Thursday, 1 July 2010

Britain is a Country where old men have very clear memories of when they were young men in the 1960's

Its true that old men retain their long term memories. For some reason it set me thinking about when I was an 18 year old student studying History at Sussex University and staying in the 'Glenside Hotel' on the Brighton Seafront along with 27 other adolescent male students.
It was run by a fierce, elderly Scots landlady called Mrs Stuart, her daughter Janet and a shadowy old boy whose name I have forgotten.
My room mate, B.B., was studying Sociology and was the proud owner of a 'Robert' transistor radio which he carried on a leather strap around his neck.

On one particularly boring Sunday afternoon in the summer of 1966, B.B. and I were cooped up in our small, dark, stuffy bedroom and were ready to let off some steam when 'The Small Faces' singing 'All or Nothing' came on the radio. We decided to 'sing along' giving the lyrics some extra zest by adding a liberal helping of expletives as indicated : * * * * * * *

I thought you'd listen to my reason,
But now I see, you don't hear a thing,
Try to make you see, how it's got to be.

Yes it's all, all or nothing.
Yeah yeah, all or * * * * * * *nothing,
All or nothing, for me.

Things could work out just like I want them to, yeah.
If I could have the other half of you, yeah.
You know I would, If I only could.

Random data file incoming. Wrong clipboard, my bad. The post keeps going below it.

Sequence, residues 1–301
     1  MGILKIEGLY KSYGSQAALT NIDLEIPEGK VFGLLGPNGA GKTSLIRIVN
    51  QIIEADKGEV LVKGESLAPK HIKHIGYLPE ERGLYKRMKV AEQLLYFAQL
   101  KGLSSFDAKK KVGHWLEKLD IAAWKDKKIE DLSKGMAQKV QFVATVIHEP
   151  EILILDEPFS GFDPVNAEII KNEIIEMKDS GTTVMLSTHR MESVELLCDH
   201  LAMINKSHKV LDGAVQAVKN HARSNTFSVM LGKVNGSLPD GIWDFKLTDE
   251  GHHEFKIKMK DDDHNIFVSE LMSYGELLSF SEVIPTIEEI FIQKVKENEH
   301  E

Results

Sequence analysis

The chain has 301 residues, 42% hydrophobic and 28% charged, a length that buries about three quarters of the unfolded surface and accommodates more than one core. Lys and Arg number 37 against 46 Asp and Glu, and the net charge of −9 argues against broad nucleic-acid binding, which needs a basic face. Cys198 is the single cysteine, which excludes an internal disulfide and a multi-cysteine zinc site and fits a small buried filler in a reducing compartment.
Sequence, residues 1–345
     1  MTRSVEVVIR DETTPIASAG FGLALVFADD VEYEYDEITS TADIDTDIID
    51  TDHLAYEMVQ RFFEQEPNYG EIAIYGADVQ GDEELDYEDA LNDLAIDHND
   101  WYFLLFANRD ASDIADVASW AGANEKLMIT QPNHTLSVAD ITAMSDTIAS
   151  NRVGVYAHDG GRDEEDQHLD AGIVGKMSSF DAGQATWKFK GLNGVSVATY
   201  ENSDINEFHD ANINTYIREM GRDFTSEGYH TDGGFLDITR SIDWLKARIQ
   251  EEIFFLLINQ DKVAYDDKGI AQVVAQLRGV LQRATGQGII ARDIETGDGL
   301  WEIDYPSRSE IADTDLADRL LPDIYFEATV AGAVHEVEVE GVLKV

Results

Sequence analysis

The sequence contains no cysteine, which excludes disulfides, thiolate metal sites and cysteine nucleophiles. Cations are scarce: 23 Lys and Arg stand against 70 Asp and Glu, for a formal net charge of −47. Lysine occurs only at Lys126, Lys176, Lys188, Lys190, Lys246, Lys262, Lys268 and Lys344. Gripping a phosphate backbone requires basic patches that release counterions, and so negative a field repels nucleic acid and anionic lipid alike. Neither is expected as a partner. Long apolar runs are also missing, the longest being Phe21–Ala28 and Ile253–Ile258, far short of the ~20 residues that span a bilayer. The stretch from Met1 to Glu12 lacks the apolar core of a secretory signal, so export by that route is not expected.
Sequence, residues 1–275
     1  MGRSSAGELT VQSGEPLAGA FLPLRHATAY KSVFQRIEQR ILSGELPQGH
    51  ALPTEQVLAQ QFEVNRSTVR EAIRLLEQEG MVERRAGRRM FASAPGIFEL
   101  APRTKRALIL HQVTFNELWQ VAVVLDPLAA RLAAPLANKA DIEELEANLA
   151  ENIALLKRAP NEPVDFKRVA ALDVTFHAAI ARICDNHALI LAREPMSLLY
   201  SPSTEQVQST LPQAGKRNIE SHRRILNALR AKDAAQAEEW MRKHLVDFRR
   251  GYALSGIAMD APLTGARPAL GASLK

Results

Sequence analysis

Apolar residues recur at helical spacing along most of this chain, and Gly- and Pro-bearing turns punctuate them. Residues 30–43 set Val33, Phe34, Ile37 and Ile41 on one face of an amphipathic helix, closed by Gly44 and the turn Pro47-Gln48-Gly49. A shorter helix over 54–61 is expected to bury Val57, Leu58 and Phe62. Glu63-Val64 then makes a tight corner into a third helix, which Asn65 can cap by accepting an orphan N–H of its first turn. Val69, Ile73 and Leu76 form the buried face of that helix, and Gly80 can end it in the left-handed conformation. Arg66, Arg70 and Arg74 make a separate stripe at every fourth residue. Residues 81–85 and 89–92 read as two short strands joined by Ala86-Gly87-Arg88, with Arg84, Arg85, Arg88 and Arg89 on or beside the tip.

Yes it's yeah, all or nothing.
Oh yeah, all or nothing.
You'll hear my children say, all or nothing, for me.

I didn't tell you no lies.
So don't you sit there and cry girl.
Yeah, all or nothing.
Oh yeah, all or nothing.
Oh yeah, all or nothing.
D'you know what I mean.
You got to, got to, go to keep on trying, yeah.
All or nothing, mm yeah.
All or nothing, to keep on working on to me.
All or nothing for me, for me, for me.
Come on children, yeah.
All or nothing, yeah,yeah, yeah, yeah.
All or nothing, I kept on singing to myself.
All or nothing, yeah for me, yeah.

About 15 minutes after our rendition, there was a knock on the door and there stood a very angry Mrs Stuart who had had a complaint from the landlord next door. Our singing must have squirreled out of our bedroom window and into his hotel next door. Mrs Stuart told us that he said that he " had been in the Army for 30 years and had never heard such bad language".
B.B. and I didn't want to get into trouble with the University Authorities, so we wrote he a grovelling apology. I remember that it began : 'Dear Mr Smith, we do not ask to be forgiven'. I forget the rest, but this was 45 years ago. We took it to his hotel and delivered it to the old 'Sergeant Major' himself.

I think you'll agree that there is nothing wrong with this Old Boy's long term memory.

For those who want a bit of 'Small Faces' nostalgia :

1 comment:

  1. But what did you do last wednesday or was it last friday? What was?